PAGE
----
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Tabular Data Binary Classification: All Tips and Tricks from 5 Kaggle Competitions

In this article, I will discuss some great tips and tricks to improve the performance of your structured data binary classification model. These tricks are obtained from solutions of some of Kaggle’s top tabular data competitions. Without much lag, let’s begin.

These are the five competitions that I have gone through to create this article:

Dealing with larger datasets

One issue you might face in any machine learning competition is the size of your data set. If the size of your data is large, that is 3GB + for kaggle kernels and more basic laptops you could find it difficult to load and process with limited resources. Here is the link to some of the articles and kernels that I have found useful in such situations.

Data exploration

Data exploration always helps to better understand the data and gain insights from it. Before starting to develop machine learning models, top competitors always read/do a lot of exploratory data analysis for the data. This helps in feature engineering and cleaning of the data.

Data preparation

After data exploration, the first thing to do is to use those insights to prepare the data. To tackle issues like class imbalance, encoding categorical data, etc. Let’s see the methods used to do it.

Feature engineering

Next, you can check the most popular feature and feature engineering techniques used in these top kaggle competitions. The feature engineering part varies from problem to problem depending on the domain.

Feature selection 

After generating many features from your data, you need to decide which all features to use in your model to get the maximum performance out of your model. This step also includes identifying the impact each feature is having on your model. Let’s see some of the most popular feature selection methods.

Modeling

After handcrafting and selecting your features, you should choose the right Machine learning algorithm to make your prediction. These are the collection of some of the most used ML models in structured data classification challenges.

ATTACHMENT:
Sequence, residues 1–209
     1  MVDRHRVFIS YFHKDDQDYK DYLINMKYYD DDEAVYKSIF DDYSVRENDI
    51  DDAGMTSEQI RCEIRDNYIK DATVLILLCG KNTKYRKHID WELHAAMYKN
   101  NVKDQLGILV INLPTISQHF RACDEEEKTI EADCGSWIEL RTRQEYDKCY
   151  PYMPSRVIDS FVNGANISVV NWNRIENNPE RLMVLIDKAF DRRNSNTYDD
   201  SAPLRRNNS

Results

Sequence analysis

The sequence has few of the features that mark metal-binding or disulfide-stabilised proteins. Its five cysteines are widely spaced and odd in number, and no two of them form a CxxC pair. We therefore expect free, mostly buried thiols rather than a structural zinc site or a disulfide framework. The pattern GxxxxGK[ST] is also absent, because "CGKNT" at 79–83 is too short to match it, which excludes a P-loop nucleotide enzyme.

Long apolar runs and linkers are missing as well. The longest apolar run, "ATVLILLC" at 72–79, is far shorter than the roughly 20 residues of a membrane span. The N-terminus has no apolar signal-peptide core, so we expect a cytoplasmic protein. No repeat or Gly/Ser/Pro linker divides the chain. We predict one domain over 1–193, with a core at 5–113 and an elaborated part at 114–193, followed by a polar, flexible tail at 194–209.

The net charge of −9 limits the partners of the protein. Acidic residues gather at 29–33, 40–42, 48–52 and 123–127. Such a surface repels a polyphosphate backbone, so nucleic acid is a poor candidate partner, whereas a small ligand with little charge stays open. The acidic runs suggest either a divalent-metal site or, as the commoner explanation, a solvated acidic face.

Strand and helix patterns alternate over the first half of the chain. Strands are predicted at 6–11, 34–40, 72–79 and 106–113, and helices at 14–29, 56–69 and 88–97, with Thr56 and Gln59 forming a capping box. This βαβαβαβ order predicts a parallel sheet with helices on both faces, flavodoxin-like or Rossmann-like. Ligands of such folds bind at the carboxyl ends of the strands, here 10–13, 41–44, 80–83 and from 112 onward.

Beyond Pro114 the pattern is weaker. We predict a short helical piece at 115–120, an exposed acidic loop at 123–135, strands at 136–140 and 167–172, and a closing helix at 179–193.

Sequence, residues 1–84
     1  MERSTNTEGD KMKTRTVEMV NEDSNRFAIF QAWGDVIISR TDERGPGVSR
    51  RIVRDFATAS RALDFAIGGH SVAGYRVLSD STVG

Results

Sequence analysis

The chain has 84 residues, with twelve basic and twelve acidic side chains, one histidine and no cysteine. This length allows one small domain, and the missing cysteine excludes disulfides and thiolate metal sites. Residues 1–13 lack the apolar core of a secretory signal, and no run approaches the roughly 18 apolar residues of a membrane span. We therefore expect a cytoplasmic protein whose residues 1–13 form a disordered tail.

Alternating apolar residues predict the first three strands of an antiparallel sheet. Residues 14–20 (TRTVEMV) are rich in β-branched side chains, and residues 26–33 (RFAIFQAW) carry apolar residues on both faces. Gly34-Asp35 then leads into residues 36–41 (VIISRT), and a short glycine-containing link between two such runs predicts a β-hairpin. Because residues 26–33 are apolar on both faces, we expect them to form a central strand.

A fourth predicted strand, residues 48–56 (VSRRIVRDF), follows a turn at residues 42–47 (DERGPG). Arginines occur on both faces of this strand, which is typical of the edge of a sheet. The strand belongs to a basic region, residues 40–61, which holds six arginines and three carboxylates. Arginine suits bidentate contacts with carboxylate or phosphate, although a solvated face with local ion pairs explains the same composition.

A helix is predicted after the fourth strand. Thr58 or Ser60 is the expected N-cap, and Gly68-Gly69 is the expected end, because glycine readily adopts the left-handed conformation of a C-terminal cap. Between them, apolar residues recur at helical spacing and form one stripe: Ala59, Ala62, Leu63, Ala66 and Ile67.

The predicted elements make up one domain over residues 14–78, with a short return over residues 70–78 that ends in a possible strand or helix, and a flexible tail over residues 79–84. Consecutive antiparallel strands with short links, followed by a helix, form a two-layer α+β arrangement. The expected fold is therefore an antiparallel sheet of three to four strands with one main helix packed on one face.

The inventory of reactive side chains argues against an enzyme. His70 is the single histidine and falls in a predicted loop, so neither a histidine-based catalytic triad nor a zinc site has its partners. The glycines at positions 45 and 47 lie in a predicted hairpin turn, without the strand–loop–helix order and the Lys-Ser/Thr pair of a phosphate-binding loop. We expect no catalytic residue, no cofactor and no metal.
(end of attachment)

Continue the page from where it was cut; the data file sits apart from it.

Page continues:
Hyperparameter tuning 


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Evaluation

Choosing a suitable validation strategy is very important to avoid huge shake-ups or poor performance of the model in the private test set. 

The traditional 80:20 split wouldn’t work for many cases. Cross-validation works in most cases over the traditional single train-validation split to estimate the model performance. 

There are different variations of KFold cross-validation such as group k-fold that should be chosen accordingly.

Note:

There are various metrics that you can use to evaluate the performance of your tabular models. A bunch of useful classification metrics are listed and explained here.

Other training tricks

Ensemble

If you’re in the competing environment one won’t get to the top of the leaderboard without ensembling. Selecting the appropriate ensembling/stacking method is very important to get the maximum performance out of your models. 

Let’s see some of the popular ensembling techniques used in kaggle competitions:

Final thoughts

In this article, you saw many popular and effective ways to improve the performance of your tabular data binary classification model. Hopefully, you will find them useful in your projects.


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ML Experiment Tracking: What It Is, Why It Matters, and How to Implement It

10 mins read | Author Jakub Czakon | Updated July 14th, 2021

Let me share a story that I’ve heard too many times.

”… We were developing an ML model with my team, we ran a lot of experiments and got promising results…

…unfortunately, we couldn’t tell exactly what performed best because we forgot to save some model parameters and dataset versions…

…after a few weeks, we weren’t even sure what we have actually tried and we needed to re-run pretty much everything”

– unfortunate ML researcher.

And the truth is, when you develop ML models you will run a lot of experiments.

Those experiments may:

  • use different models and model hyperparameters
  • use different training or evaluation data, 
  • run different code (including this small change that you wanted to test quickly)
  • run the same code in a different environment (not knowing which PyTorch or Tensorflow version was installed)

And as a result, they can produce completely different evaluation metrics. 

Keeping track of all that information can very quickly become really hard. Especially if you want to organize and compare those experiments and feel confident that you know which setup produced the best result.  

This is where ML experiment tracking comes in. 

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